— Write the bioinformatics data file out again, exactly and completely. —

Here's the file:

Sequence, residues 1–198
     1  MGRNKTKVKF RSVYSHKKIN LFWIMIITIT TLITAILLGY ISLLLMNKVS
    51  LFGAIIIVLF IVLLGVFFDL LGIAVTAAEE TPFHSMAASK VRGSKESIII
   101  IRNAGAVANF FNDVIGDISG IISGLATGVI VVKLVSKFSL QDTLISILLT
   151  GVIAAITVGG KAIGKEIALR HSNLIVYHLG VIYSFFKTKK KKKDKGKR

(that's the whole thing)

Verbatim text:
Sequence, residues 1–198
     1  MGRNKTKVKF RSVYSHKKIN LFWIMIITIT TLITAILLGY ISLLLMNKVS
    51  LFGAIIIVLF IVLLGVFFDL LGIAVTAAEE TPFHSMAASK VRGSKESIII
   101  IRNAGAVANF FNDVIGDISG IISGLATGVI VVKLVSKFSL QDTLISILLT
   151  GVIAAITVGG KAIGKEIALR HSNLIVYHLG VIYSFFKTKK KKKDKGKR